Laser Irradiation of Carbonaceous Chondrite Simulants: Space Weathering Implications for C-complex Asteroids

By Keith Cowing
Status Report
April 19, 2024
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Laser Irradiation of Carbonaceous Chondrite Simulants: Space Weathering Implications for C-complex Asteroids
Secondary electron (SE) SEM images of a CI (a and c) and CM (b and d) simulant pellet before and after irradiation. Panels a and b show images of the fresh material, while panels c and d are of representative laser-irradiated regions. The white scale bar at the lower left side of each panel corresponds to 2 𝜇𝑚 in length. — astro-ph.EP

Surfaces of carbonaceous asteroids (C-complex) have shown diverse contrasting spectral variations, which may be related to space weathering.

We performed laser irradiation experiments on CI and CM simulant material under vacuum to mimic the spectral alteration induced by micrometeorite impacts. We used in situ ultraviolet-visible and near-infrared reflectance spectroscopy to analyze spectral alterations in response to pulsed laser irradiation, as well as scanning electron microscopy and x-ray photoelectron spectroscopy to search for microstructural and compositional changes.

Laser irradiation causes an increase in spectral slope (reddening) and a decrease in the albedo (darkening), and these changes are stronger in the ultraviolet-visible region. These spectral changes are likely driven by the excess iron found in the altered surface region, although other factors, such as the observed structural changes, may also contribute.

Additionally, while the 0.27~μm band appears relatively stable under laser irradiation, a broad feature at 0.6~μm rapidly disappears with laser irradiation, suggesting that space weathering may inhibit the detection of any feature in this spectral region, including the 0.7~μm band, which has typically been used an indicator of hydration.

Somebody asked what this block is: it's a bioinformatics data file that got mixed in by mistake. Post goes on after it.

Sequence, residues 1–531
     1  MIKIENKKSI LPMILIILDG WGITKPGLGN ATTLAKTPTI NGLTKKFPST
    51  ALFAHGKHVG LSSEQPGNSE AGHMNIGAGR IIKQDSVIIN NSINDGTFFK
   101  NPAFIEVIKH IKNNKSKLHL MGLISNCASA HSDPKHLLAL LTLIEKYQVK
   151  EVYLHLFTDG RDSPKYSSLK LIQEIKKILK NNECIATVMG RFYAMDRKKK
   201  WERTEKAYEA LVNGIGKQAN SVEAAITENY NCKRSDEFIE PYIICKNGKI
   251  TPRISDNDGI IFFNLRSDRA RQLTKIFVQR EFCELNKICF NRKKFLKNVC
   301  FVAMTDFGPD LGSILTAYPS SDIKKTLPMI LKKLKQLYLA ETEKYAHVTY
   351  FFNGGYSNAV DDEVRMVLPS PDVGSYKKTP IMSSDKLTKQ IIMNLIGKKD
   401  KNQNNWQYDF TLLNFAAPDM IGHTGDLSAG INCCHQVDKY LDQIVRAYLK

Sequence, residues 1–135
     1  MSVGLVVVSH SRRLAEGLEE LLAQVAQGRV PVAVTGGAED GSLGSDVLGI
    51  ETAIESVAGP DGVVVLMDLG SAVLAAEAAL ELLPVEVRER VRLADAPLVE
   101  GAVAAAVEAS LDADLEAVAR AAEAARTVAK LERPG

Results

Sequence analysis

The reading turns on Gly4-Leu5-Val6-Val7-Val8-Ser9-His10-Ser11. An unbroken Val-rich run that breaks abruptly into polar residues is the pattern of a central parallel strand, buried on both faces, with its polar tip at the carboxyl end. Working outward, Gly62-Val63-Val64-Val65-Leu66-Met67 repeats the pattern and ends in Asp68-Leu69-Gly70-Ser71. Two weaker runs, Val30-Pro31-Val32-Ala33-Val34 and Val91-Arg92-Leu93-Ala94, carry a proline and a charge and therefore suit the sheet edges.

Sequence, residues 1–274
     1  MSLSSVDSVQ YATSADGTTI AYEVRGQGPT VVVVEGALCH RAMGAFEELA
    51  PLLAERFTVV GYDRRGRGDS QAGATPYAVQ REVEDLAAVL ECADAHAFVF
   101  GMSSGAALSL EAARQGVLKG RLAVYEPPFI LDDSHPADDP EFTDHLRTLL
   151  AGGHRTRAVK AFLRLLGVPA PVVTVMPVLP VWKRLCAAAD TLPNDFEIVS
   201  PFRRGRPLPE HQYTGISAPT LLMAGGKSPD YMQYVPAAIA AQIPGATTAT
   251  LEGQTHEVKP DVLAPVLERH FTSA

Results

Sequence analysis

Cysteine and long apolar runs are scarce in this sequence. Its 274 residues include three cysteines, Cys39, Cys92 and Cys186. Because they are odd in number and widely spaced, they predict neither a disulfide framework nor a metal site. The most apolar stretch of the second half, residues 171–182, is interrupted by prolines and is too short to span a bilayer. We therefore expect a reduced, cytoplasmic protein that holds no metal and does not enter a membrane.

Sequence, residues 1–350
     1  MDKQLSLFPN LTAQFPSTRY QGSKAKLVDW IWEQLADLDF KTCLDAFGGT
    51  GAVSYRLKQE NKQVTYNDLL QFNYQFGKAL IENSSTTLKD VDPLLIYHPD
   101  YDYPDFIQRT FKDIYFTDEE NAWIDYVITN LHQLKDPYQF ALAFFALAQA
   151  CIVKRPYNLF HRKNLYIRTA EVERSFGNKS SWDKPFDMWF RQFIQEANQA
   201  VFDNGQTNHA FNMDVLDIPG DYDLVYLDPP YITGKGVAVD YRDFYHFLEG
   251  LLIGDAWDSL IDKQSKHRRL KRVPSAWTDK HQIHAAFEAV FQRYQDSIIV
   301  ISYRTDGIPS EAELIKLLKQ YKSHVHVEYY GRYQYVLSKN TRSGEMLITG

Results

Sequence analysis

Comparing our laboratory results with optical spectrophotometry observations of C-complex asteroids, we find that the majority of objects are spectrally red and possess colors that are similar to our irradiated material rather than our fresh samples. Furthermore, we also find that younger''and older” C-complex families have similar colors, suggesting that the space weathering process is near-equal or faster than the time it takes to refresh the surfaces of these airless bodies.

Andy J. López-Oquendo, Mark J. Loeffler, David E. Trilling

Comments: 13 pages, 7 figures
Subjects: Earth and Planetary Astrophysics (astro-ph.EP)
Cite as: arXiv:2404.11814 [astro-ph.EP] (or arXiv:2404.11814v1 [astro-ph.EP] for this version)
Submission history
From: Andy López-Oquendo
[v1] Thu, 18 Apr 2024 00:25:54 UTC (10,822 KB)

Explorers Club Fellow, ex-NASA Space Station Payload manager/space biologist, Away Teams, Journalist, Lapsed climber, Synaesthete, Na’Vi-Jedi-Freman-Buddhist-mix, ASL, Devon Island and Everest Base Camp veteran, (he/him) 🖖🏻